The hottest and fastest-moving lava of Kilauea volcano's latest eruption spread across new parts of the Big Island Wednesday, forcing officials to order evacuations in two coastal neighborhoods over fears that the rapidly advancing flows could cut off dwindling escape routes.
Overnight, the lava was moving fast enough to cover about six football fields an hour, according to U.S. Geological Survey scientist Wendy Stovall.
"Hawaii County Civil Defense decided to evacuate all of lower Puna to ensure that people would be able to get out," Stovall said.
Lava gushed across and then along a roadway that leads from the commercial center of Pahoa toward smaller towns and rural farmlands to the east.
About two dozen recent fissures in that area have created towering lava fountains and bone-rattling explosions throughout the eruption. The lava that is currently coming to the surface is the hottest and most fluid to date.
"This is the hottest lava that we've seen in this eruption, even just a matter of 50 degrees centigrade makes a big difference in how quickly lava flows can move and how they behave once the magma exits the vent," Stovall said.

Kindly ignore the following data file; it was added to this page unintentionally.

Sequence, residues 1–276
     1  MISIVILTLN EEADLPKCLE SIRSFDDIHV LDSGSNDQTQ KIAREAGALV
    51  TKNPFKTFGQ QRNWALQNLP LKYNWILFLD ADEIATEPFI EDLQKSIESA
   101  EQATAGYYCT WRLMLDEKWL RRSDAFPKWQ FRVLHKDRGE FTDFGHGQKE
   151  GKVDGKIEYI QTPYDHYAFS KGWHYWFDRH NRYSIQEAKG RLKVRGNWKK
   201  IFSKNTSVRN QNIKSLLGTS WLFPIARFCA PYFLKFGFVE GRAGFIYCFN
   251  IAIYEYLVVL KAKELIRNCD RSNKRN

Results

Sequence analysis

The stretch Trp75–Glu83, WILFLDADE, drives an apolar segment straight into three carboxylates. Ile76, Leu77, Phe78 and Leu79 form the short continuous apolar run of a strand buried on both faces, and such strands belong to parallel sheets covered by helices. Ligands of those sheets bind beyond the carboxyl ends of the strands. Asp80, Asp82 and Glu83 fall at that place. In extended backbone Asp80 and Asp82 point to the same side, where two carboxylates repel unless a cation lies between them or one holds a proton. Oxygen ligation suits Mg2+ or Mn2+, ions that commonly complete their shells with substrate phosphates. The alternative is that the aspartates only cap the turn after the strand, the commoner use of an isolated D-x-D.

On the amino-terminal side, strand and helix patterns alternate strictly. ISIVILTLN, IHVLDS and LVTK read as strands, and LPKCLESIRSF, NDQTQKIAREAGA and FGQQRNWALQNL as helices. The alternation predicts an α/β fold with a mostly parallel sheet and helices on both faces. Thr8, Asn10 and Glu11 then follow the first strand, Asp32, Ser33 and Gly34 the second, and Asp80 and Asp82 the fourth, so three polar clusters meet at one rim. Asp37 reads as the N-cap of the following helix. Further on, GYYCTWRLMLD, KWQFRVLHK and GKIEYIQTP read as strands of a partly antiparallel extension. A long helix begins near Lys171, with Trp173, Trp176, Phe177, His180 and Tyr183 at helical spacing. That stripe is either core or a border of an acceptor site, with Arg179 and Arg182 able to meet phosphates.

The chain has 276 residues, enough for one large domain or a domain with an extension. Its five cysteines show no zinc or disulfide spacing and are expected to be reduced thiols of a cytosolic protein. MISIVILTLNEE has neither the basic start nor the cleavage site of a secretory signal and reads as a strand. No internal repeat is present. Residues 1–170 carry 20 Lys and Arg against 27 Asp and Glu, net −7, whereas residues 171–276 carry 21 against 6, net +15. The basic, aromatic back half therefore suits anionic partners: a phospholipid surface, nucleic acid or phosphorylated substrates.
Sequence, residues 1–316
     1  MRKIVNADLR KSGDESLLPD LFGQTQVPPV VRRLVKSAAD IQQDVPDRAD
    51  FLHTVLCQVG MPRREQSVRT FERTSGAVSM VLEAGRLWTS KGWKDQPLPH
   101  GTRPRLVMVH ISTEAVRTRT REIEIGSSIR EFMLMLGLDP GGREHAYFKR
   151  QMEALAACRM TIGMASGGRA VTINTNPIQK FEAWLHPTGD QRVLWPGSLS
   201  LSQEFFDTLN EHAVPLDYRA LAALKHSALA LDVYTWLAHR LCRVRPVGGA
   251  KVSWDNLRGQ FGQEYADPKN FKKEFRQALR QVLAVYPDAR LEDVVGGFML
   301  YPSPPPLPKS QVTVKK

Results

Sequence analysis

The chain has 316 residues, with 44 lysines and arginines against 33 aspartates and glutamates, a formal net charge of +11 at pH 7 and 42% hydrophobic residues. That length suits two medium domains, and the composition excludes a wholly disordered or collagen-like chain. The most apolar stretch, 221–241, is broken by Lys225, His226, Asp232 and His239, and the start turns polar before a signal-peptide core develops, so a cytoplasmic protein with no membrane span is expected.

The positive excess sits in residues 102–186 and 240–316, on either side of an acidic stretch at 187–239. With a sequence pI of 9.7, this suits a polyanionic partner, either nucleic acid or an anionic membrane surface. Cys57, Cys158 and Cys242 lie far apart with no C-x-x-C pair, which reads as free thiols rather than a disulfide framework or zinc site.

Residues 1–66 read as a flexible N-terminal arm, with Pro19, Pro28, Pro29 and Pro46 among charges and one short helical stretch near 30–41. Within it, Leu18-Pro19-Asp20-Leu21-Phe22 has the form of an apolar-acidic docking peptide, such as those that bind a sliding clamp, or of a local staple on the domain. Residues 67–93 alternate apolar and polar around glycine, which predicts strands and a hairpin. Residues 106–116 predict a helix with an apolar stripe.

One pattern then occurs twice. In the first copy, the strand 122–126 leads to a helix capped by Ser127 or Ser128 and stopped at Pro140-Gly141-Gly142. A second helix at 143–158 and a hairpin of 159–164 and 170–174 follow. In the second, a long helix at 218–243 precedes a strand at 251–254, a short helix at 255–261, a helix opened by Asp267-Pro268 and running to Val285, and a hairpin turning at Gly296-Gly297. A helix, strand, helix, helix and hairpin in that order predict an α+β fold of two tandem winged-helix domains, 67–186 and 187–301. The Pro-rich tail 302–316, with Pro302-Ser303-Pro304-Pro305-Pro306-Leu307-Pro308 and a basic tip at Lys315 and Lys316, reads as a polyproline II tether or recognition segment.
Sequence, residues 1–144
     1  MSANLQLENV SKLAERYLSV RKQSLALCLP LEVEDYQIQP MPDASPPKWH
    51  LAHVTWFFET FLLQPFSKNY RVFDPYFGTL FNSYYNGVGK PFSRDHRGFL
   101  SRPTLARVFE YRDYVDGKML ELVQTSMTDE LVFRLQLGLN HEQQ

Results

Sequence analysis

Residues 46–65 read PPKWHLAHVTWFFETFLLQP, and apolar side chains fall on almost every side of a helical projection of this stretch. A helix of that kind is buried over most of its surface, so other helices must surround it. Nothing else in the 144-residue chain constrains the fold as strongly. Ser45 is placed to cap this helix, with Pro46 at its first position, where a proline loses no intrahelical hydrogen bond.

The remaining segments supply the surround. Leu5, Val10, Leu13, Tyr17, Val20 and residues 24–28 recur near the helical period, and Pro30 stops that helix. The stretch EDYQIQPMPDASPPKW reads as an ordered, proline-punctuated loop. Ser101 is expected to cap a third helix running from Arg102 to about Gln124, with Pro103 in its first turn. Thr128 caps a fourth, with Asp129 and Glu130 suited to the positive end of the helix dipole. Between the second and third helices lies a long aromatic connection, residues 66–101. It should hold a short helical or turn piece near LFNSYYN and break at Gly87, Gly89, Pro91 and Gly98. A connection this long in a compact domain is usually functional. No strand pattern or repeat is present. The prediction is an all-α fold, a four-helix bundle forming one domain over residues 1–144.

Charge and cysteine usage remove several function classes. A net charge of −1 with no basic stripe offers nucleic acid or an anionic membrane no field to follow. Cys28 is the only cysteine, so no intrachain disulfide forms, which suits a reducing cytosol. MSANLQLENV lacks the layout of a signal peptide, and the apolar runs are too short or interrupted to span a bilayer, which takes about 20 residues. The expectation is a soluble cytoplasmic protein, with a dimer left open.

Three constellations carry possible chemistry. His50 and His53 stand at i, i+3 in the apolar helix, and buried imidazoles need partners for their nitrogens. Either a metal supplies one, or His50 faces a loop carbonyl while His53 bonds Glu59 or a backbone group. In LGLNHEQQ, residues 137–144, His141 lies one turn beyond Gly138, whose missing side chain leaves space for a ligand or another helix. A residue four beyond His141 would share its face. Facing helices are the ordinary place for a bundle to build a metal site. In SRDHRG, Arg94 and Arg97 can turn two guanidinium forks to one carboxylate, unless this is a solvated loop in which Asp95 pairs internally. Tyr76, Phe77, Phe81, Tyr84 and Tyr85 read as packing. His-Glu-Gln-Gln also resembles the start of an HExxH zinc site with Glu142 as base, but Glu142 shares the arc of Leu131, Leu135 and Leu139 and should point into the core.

In fact, the current lava eruptions in Puna are as hot as Hawaii's lava will ever get. "It can't get hotter than where we are," Stovall added. "We are pretty much tapping mantle temperatures right now."
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One fissure was observed early Wednesday morning spouting lava over 200 feet (61 meters) into the air.
Hawaii County officials said lava destroyed the electric utility's equipment on the highway, which knocked out power to Vacationland and Kapoho Beach Lots.
"You are at risk of being isolated due to possible lava inundation," the Hawaii County Civil Defense agency advised the public.
There were several small earthquakes at Kilauea's summit Wednesday, where the vent inside the volcano's Halemaumau Crater has grown along with a series of explosive eruptions that have sent rock and ash thousands of feet into the sky.